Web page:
Some people who live in Ashland just don't belong anywhere else; Terry Miner is one of those people.
Miner moved to Ashland in 1995, "the week before Jerry Garcia died," he says. With his long, graying hair, purple handmade batik Grateful Dead T-shirt and hand-me-down Converse sneakers, he hops around tapping his feet and plays his guitar as a street musician downtown.
"I got into street performing in 1980 because philosophically I don't want someone telling me if I'm good enough to perform, so I'd take it right out there, so I didn't have to be good to perform."
About 10 years ago, Miner attracted local attention by performing in a pair of big blue swim flippers and a homemade costume. "I started in the fall and played into winter because I was out of money and I actually paid my rent with that and collected bottles," says Miner. "I never had any separation of me from this alter ego. It was always me singing and being in this costume."
Part of the costume included Christmas lights that he plugged in outside of Starbucks. But, as Miner says, if you act like a clown, people will treat you like a clown, and eventually he had to give it up.
Miner recently revived his live street performing, sans flippers and Christmas lights. "People smile at me all day," Miner says. "This is such a great place to be. You walk around and wonder, why am I worried about anything?"
Miner is frequently asked to loan out his guitar, so he has devised a tiered pricing system. "For $1, I'll play a song, for $2, I won't play a song, and for $3, they can play my guitar," Miner says. "I never get the $3, but I have been paid not to play before."
When asked how the Grateful Dead has influenced his own music, Miner talks about the magical ways of the Grateful Dead almost like a reverend to his congregation. "Their lyrics are all mystical and hard-to-understand things that turn out to have actual metaphorical relevance in your everyday life," Miner says. "You're like an amoeba, and it's my religion, it's cosmic ecstasy."
Miner's time on the streets has provided great fodder for stories, he says, starting from the time he moved here.
"I went to join what I thought would be a big mourning circle in Lithia Park for Jerry Garcia with candles, and I was the only one there," Miner says. "But this hippie girl came out of the woods, and says, 'I'll help you out, let's go sit by the creek, smoke pot and sing Grateful Dead songs.'"
Miner not only plays solo, he is also part of a "nine- or 10-piece psychedelic San Francisco-sound guitar-and-horn band," he says. The band calls itself Pearly Gates with those Hell Bound Horns. "The four-piece horn section I call the balding leading the blind; two are blind and two are balding."
The two blind members of the band set up all the equipment. "It takes us a long time to set up; we pretty much stay out of their way, because they know where everything is."
Like an aging Deadhead, he has a roundabout way of getting his point across. "I was going to say something, with the last comment I made, and then I decided to stop because I didn't want to bring something else into it," Miner says, "and now of course I can't remember what that was — another reason I like the Grateful Dead because you can be playing and you can forget what you're playing."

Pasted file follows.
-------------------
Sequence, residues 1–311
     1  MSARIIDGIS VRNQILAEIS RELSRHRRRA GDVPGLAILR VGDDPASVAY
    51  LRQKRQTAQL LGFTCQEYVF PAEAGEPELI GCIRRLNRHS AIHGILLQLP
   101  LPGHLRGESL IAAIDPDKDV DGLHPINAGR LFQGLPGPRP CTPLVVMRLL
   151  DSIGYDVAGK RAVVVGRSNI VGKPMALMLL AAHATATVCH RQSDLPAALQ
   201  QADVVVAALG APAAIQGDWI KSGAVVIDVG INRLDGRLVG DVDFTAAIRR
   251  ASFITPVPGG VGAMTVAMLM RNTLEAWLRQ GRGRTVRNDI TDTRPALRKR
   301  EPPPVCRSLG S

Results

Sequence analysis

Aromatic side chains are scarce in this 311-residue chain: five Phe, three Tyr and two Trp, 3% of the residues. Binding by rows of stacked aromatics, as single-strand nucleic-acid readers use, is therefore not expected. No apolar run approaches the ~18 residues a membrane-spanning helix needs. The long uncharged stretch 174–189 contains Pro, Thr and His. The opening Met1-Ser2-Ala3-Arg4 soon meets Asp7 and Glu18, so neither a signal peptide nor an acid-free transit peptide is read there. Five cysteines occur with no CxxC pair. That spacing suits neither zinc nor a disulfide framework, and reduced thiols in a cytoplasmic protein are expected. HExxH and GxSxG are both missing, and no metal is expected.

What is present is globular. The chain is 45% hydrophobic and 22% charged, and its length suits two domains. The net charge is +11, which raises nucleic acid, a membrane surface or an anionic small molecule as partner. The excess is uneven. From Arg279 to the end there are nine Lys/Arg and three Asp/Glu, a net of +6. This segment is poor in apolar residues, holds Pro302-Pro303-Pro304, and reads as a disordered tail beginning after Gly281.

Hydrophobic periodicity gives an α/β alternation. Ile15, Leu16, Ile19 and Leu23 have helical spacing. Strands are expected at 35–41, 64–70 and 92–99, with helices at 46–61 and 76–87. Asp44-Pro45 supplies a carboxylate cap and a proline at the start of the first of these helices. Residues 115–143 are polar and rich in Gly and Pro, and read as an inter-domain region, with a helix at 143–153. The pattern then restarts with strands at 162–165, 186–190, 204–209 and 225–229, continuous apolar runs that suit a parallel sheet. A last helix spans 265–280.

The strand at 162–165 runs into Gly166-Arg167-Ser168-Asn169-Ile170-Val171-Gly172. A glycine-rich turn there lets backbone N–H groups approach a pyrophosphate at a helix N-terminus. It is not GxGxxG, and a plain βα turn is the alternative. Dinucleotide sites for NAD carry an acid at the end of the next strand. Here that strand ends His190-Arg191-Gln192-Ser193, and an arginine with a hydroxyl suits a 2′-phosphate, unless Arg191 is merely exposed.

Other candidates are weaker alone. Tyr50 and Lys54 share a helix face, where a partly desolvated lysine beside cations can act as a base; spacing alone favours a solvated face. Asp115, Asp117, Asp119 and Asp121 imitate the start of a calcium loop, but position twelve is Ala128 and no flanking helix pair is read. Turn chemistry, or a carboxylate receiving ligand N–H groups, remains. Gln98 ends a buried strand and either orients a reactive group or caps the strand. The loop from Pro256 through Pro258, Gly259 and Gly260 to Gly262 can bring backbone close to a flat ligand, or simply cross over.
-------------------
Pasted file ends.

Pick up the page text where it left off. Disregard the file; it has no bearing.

The Pearly Gates has four songwriters and five singers, and the lyrics to its songs are heavily influenced by the Grateful Dead. "The Pearly Gates have a lot of songs about death and the afterlife and spooky stuff, and that's pretty cool, I like that a lot," Miner says. "Half scary — it's got to be half scary."
A simple and creative soul whose favorite color is blue, favorite food is cheese and favorite beer is Pabst Blue Ribbon, Miner has never been married and has no children because, as he puts it, "overpopulation was a big deal in the '70s."
For a fan of such dark, mystical music, he also includes a good deal of humor into his songs and street act. "I'm always looking for jokes, and I'll try them out on people and I'll actually work at them," Miner says. When asked if this is something he learned from the Grateful Dead he simply replies, "the crowd laughs a lot, but that's the drugs."
Miner can be spotted driving around town in his Jackson Pollock-inspired Volkswagen bug covered in random paint splatters. "It's the third car I've painted in four different ways," Miner says.
Miner isn't the only creator behind the unique look of his car; he also gets the help of local high schoolers with free time on their hands to help in the creation.
This summer locals can expect to see Miner jamming for tips in the Plaza, letting others jam on his guitar for a small fee, or practicing his jokes on theatergoers. As Miner says, "what did the Deadhead say when the drugs wore off? God, this music sucks."
Mandy Valencia is a filmmaker and writer living in Ashland. Reach her at firstname.lastname@example.org.